Saturday Morning Reading #8

Here’s your (bumper edition of) Saturday morning reading…

1) Why foreign aid fails by Daron Acemoglu and James Robinson
Ignore the politically convenient (for The Spectator) headline. The article admits that aid can do a lot of good, but suggests that changing extractive institutions takes more than aid, suggesting a great role for diplomacy. One for campaigners to consider?
“Promoting [David Cameron’s] golden thread means using not just aid but diplomatic relations to encourage reform in the many parts of the world that remain in the grip of extractive institutions. It means using financial and diplomatic clout (and Britain has plenty of both) to help create room for inclusive institutions to grow.”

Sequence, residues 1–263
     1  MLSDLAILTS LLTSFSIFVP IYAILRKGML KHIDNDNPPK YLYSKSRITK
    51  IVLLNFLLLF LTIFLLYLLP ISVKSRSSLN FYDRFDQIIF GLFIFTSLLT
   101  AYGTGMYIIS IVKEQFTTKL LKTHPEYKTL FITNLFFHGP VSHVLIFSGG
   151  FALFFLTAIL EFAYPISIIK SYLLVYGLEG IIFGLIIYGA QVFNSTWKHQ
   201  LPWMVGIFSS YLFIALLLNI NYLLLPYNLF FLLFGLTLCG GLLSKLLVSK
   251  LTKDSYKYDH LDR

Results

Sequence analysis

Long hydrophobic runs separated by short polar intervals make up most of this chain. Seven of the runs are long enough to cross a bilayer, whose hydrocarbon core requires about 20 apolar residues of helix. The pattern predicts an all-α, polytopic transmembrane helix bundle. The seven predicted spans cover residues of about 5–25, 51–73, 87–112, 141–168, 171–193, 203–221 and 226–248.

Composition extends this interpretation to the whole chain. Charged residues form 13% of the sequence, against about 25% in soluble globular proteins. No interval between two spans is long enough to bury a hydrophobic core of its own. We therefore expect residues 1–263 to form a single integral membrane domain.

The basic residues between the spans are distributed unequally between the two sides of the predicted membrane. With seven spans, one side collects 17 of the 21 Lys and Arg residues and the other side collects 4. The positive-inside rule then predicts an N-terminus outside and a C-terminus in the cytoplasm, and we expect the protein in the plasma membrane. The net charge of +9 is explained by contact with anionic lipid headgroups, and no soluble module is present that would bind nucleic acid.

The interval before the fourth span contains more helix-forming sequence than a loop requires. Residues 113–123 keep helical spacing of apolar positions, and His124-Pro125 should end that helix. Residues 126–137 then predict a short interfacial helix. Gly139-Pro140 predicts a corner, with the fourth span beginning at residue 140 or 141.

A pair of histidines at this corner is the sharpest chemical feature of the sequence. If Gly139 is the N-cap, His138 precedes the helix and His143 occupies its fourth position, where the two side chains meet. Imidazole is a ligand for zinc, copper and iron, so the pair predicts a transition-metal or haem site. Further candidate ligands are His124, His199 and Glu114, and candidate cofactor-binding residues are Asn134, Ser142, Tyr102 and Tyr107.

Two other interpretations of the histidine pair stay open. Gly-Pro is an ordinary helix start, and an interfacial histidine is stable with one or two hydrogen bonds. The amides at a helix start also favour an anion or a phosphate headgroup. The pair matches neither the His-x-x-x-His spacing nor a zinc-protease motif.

2) A collection on inequality:

a) Ricardo Fuentes explains how Oxfam came up with their killer fact

b) Tim Harford argues that global poverty and rich-world inequality are separate issues

c) Alex Evans responds to the above article

d) A review of “one of the watershed books in economic thinking” in the New York Times that argues that “capitalism’s inherent dynamic propels powerful forces that threaten democratic societies.”

3) Agenda 2063: an e-mail from the future
An imaginary email  from African Union chair, Dr Nkosazana Dlamini Zuma to a friend, dated 2063, in which she speaks of the Confederation of African States, high-speed rail links, agrarian revolution and even an African space centre. Visionary?

4) Towards political intelligence in aid by Dave Algoso
On the need to go beyond political economy analysis to systematically figuring out the individuals and coalitions that make aid work.
“Far from wondering whether aid is political, we’re left wondering, how could it not be?”

5) DFID discovers economic development by Lee Crawfurd
A suggestion that DFID is moving in the right direction despite restating things DFID already do, being over-ambitious on building institutions, colonial language and too many metaphors!

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